apologized to Marco recently at some punk reunion organized by a foreign
music mag. By the way, he still has a remarkable ear for a tune, which
explains his new band The Wolfmen.
“Any regrets though? I think we might have occasionally wrecked a hotel
that didn’t fully deserve it. I mean - if the staff are arsy snob types giving it
the old Captain Peacock routine then sure, let them have it with both barrels
- something we were quite adept at - but if they’re a decent bunch in some
family run place then maybe, yes, we occasionally disrupted the lives of the
wrong people. If I could go back in time I’d replace the broken windows
myself. Ahem.”
didn’t really get Jake’s ‘Back to three chords’ ads, although I could see it
was a catchy line in tune with the primitive ‘caveman’ rock vibe that some
journos were attaching to the punk scene. It certainly put some clear blue
water between us and the likes of Genesis and ELP.
“Everyone in the bands I knew were trying to create something special and
relevant to the times - despite a lack of formal training or the royal college of
music education that some of these rock stars of the ‘70s had had. The big
difference between us and those guys though was that we weren’t about to
start singing songs about wizards, pixies and astral travelling.”
‘Machine Gun Etiquette’ saw a new line-up and a new label but the
band had lost their songwriter in residence - no pressure there then. But
you managed to score some hit singles. How did the songwriting process
“We suddenly had to become songwriters overnight. But me, Rat and
Dave had had a bit of practice, having all been involved with outside
projects for a few months. I can’t speak for the others, who all came up
with the goods in their own way, but I’ll have to admit that I was
definitely scratching around for inspiration for a while until I was
messing around with my Akai tape recorder one day, playing a selection
of favourite songs and TV commercials at various speeds. But it was
when I turned the tape round the other way and played the compilation
backwards that I realised that I was listening to a selection of great
melodies that nobody had ever heard before. I thought ‘Crank up to
double speed, rearrange with thrashing drums and loud guitars and here’s
a cracking bunch of kick ass tunes’ - and all ready to help contend with
the ‘difficult’ third album situation we found ourselves with.
“You couldn’t do this today as advertisements these days are bereft of any
discernible melody but go back to the ‘70s and the likes of Cadbury’s Flake,
Weetabix and Shake ‘N’ Vac were naggingly catchy, virtually undislodgeable from the poor old brain once heard.
“Do I have any shame about taking this route for my first excursion into
songwriting? Not really. I thought it a typically creative and punk answer to
an enforced but definitely surmountable dilemma.”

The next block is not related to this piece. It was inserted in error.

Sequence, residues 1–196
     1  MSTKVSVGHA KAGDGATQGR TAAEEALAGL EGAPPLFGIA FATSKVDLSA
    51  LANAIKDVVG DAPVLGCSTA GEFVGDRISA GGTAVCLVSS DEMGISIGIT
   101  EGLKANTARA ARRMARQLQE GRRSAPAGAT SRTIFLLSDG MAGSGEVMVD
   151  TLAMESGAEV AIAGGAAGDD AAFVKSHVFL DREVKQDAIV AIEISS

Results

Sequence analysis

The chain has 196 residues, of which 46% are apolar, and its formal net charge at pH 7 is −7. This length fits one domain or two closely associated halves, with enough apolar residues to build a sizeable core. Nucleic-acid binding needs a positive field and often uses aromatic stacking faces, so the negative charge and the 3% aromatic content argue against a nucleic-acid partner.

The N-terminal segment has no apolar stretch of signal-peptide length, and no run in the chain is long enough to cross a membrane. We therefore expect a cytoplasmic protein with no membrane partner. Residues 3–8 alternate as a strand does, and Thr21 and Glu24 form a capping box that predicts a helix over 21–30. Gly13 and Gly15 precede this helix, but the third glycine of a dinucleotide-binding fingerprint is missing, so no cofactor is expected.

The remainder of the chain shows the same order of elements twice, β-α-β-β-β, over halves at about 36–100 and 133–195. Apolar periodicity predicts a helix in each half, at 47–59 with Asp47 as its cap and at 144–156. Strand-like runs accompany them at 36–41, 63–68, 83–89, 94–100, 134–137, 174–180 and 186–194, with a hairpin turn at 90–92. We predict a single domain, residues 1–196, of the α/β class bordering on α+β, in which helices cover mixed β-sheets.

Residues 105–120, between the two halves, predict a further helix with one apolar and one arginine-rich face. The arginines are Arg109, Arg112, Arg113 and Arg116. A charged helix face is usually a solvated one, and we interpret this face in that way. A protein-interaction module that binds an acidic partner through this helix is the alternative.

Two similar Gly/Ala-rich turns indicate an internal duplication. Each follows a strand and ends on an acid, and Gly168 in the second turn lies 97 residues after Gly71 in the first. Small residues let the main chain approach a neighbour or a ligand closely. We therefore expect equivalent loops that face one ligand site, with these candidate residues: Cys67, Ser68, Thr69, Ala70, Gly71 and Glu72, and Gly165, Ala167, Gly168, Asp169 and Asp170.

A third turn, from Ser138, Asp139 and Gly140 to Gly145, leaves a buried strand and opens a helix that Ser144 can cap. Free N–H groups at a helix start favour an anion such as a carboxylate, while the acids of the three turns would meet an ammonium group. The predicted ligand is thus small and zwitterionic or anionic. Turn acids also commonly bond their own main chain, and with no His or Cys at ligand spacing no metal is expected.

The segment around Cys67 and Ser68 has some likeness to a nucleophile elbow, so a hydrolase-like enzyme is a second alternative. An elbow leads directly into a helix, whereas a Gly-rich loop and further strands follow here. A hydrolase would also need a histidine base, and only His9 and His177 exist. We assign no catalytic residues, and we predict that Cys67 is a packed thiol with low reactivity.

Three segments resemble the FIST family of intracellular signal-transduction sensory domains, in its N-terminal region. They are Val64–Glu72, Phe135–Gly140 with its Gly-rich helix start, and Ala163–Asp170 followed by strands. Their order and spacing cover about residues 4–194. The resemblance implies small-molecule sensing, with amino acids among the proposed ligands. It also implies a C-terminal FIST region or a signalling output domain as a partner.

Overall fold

It took The Beatles several albums and unlimited Abbey Road access
before experimenting in the studio. The Mark 2 line up of The Damned
did it from the off with ‘Machine Gun Etiquette’, peppering it with
surrealist /Python moments and sounds. Where did you get the ideas
and inspiration from?
“Monty Python of course, The Goons, Vivian Stanshall and the Carry On
crowd were everywhere when I was growing up so you were never short of
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the odd catch phrase to throw into the conversation if things are getting a bit
dull. I remember us all going into shops and rambling on nonsensically
about nothing in particular to see how long it took the proprietor to catch on
to the fact that we were pulling his plonker.
“The studio experiments were another matter entirely and we certainly used
to get the engineer working. If they thought it would be easy recording us as
we were ‘just a punk band’ they usually had another thing coming.
Backwards recording, tape phasing, using the grand piano as a reverb
chamber, recording thunderstorms, doing vocals in the bathroom for the
acoustics, re-miking using the Hammond speaker, mad ‘all hands on the
desk’ mixes… It kept them on their toes alright.
“On the previous album we’d asked Syd Barrett to produce for a totally
psych punk vibe but ended up with the Floyd drummer instead as Syd was
not up to it. Nick Mason is a nice enough chap but wasn’t particularly
cosmic. He actually made us sound ‘nice’ which wasn’t really the point. I
wish we could have got Nick Lowe to work his magic on the second album.
“Anyway, after that experience we were champing at the bit to go on a
musical adventure of some sort which became ‘Machine Gun Etiquette’, so
titled after a quote from a review of one of our shows. As in ‘They played
with a kind of....’”
Expanding on the ‘MGE’ template, ‘The Black Album’ is
widescreen listening that no one else (certainly punk bands) was
doing then - and is almost a template for the ‘80s psych revival and
Goth. Were you deliberately distancing yourself from Oi and
contemporary punk of the time or was this an album that evolved
in the studio?
“No, it wasn’t contrived as an answer to Gaz Bushell’s Oi thing. I think we
were just listening a little too much to the Stones’ ‘Satanic Majesties’ album.
It’s just so dark, moody and malevolent. I don’t care if they are embarrassed
by it – we considered it a work of genius and I used it as a template of some
sort for production and arrangement ideas.
“’Lively Arts’ and ‘13th Floor Vendetta’ are good examples of where that